The other kind of statements (security ones) are related to the functionality of the program and that’s basically where the problem or the effort is, I will talk about this later on. First let’s see the algorithm and the implementation in C.

## Code

The algorithm I use here is just a simple example. I used bubble sort, this is a sort algorithm not very efficient, but it uses none more memory then the needed to store the structure you want to sort.
To get a visual understanding of the algorithm (and to see it inefficiency) check out this youtube video.

This is the implementation of the algorithm:

void swap(int *i, int *j) {
int tmp = *i;
*i = *j;
*j = tmp;
}

void bubbleSort(int *vector, int tam) {
int j, i;
j = i = 0;
for(i=0; i<tam; i++) {
for(j=0; j<tam-i-1; j++) {
g_swap = 0;
if (vector[j] > vector[j+1]) {
swap(&vector[j],&vector[j+1]);
}
}
}
}


## Pre, Post conditions and thinking formally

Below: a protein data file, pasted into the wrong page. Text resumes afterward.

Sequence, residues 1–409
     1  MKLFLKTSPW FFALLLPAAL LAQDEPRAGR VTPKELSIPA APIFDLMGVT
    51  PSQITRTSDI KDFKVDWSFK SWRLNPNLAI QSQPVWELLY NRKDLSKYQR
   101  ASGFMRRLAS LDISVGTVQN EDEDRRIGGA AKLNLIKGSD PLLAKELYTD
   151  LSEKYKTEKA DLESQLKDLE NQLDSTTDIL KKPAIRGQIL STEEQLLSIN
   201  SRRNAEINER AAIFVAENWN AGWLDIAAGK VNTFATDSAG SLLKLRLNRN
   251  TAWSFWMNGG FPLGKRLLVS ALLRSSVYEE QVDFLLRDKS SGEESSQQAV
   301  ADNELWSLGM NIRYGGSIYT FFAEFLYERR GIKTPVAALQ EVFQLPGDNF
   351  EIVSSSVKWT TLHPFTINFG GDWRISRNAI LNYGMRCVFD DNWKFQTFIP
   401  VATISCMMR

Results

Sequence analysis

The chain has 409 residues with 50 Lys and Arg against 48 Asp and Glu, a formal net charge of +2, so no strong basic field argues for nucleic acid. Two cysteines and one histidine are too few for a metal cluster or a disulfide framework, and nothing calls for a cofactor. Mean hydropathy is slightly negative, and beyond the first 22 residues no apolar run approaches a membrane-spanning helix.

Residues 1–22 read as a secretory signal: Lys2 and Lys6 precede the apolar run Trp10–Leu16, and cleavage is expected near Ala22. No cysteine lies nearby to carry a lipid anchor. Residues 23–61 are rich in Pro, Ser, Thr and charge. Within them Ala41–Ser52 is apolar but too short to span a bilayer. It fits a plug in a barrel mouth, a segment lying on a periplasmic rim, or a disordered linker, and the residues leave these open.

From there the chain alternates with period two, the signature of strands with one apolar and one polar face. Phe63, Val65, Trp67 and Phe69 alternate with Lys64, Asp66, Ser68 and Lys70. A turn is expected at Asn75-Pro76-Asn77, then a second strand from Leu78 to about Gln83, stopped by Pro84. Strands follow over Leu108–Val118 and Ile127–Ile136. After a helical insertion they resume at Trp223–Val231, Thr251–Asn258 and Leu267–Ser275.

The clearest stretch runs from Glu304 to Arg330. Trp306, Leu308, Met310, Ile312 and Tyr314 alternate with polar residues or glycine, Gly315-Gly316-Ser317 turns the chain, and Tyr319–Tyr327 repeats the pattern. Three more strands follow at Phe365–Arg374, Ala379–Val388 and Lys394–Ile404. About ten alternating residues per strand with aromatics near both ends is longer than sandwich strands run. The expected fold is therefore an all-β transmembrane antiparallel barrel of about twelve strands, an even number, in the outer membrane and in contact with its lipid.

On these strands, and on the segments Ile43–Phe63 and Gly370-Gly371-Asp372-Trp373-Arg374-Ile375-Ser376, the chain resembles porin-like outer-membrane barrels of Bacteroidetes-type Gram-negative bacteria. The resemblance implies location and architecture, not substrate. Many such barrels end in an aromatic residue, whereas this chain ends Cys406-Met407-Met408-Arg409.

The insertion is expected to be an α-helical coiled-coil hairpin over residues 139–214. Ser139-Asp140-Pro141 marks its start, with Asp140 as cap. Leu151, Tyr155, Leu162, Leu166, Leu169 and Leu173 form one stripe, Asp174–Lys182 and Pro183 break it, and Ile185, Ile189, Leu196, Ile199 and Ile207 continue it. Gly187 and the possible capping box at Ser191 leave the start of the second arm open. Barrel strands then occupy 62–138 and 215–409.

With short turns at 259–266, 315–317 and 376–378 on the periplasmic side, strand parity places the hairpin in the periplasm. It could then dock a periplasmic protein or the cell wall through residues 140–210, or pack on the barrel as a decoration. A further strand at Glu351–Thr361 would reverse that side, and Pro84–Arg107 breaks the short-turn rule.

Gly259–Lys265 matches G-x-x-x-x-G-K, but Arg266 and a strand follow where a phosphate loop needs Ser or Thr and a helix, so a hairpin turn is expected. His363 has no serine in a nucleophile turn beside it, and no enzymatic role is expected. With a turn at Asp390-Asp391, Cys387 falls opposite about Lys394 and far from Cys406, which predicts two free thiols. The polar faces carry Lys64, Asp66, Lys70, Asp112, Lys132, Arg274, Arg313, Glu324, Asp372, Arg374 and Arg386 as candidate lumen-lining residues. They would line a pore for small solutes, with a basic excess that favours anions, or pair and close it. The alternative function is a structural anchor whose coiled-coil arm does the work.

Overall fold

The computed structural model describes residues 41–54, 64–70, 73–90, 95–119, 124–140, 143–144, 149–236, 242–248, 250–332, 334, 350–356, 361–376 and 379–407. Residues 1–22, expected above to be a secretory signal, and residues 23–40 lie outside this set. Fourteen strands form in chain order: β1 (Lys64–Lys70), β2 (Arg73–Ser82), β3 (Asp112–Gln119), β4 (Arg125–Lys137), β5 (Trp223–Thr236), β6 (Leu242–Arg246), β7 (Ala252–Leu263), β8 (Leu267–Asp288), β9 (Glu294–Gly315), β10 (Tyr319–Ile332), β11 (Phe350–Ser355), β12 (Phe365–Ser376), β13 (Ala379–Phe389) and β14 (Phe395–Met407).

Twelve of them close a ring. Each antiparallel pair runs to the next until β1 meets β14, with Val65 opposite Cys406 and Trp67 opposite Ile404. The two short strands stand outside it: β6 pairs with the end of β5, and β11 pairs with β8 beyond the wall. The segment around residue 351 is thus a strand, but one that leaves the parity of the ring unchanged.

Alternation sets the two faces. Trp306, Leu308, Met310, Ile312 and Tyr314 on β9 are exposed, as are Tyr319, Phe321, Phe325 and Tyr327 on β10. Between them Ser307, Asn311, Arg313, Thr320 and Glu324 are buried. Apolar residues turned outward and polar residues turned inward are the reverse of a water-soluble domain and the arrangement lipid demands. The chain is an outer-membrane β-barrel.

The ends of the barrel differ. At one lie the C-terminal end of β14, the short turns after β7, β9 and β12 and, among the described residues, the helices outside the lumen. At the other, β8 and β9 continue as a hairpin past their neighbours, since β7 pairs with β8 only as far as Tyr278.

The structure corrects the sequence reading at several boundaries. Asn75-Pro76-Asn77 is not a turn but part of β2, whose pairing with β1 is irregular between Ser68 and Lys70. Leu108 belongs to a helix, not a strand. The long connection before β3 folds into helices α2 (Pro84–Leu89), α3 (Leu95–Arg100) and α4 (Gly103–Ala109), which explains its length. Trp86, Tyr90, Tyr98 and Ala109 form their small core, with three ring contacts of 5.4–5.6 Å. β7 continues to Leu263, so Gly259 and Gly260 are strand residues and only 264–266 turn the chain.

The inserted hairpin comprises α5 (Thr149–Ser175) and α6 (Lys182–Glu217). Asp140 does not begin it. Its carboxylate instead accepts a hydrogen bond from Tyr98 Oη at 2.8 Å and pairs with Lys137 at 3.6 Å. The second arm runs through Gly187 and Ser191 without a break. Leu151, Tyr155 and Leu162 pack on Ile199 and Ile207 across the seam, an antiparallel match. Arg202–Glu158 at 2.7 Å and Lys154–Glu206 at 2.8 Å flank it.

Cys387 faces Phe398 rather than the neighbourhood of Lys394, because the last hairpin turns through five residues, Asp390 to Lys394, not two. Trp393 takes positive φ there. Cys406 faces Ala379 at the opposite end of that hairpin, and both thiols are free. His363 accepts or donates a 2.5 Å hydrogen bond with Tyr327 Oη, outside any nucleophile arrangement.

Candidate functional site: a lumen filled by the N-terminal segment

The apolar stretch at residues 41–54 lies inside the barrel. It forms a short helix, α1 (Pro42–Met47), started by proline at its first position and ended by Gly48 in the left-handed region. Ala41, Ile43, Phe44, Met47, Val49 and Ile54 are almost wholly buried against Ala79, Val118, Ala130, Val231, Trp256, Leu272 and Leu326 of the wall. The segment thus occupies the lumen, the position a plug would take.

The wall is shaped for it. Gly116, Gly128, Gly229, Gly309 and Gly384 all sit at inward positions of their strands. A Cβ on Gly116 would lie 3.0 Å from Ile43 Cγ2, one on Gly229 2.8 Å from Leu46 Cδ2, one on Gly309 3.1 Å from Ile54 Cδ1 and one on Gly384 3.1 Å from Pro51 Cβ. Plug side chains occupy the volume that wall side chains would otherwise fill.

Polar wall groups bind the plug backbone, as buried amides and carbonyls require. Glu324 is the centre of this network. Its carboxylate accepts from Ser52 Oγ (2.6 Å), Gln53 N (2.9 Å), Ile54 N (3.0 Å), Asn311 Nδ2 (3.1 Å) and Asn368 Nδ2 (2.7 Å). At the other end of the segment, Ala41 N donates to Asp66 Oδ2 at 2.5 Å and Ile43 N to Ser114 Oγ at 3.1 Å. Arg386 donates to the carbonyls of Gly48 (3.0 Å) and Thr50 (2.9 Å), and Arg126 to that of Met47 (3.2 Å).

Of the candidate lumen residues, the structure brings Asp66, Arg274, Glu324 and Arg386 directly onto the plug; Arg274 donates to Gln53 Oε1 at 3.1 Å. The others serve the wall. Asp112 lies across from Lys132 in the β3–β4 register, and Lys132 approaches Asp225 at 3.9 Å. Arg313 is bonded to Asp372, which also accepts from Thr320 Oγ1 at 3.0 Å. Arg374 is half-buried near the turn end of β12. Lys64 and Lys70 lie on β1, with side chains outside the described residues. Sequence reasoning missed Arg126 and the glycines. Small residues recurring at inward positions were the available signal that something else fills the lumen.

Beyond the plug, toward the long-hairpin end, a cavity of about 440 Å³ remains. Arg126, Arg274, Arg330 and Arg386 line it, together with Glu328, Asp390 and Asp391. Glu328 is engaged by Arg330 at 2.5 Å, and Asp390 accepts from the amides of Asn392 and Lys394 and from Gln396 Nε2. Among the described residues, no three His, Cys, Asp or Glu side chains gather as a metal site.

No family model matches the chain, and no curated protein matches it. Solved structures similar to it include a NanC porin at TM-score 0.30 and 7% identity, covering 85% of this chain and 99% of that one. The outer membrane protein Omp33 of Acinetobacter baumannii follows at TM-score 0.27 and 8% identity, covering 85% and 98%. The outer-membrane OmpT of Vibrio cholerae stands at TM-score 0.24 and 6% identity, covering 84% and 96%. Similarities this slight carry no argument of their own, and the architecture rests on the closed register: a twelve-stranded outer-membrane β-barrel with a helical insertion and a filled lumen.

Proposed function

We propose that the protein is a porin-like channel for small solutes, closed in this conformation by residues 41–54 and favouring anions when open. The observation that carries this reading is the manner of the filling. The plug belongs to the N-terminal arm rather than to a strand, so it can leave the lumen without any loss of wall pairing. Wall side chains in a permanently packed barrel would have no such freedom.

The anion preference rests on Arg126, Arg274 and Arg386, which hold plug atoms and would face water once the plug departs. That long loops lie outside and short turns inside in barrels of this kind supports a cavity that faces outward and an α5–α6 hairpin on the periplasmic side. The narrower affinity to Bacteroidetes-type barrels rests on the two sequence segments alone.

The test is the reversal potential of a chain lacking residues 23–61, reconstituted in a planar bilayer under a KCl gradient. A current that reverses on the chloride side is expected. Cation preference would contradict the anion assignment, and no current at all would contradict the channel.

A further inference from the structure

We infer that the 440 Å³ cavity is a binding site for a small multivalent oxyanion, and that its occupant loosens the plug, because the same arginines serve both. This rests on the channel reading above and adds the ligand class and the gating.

So, as you can see in the video (or in the code) the algorithm is pretty much simple, we pick the $i$ element cross the array $n$ times and for each element we compare with $i$, this $n$ times.

We have as pre conditions: The size of the $vector$ must be greater than zero, and all the positions in that vector exists, so in Frama-C we use the $valid\_range(vector, i, j)$, where $i$ and $j$ are indexes of the $vector$ to say that all elements exist.

$tam > 0$

$valid\_range(vector,0,tam-1)$

Ans as pos conditions we must ensure that the array is sorted ( I will talk predicate this later).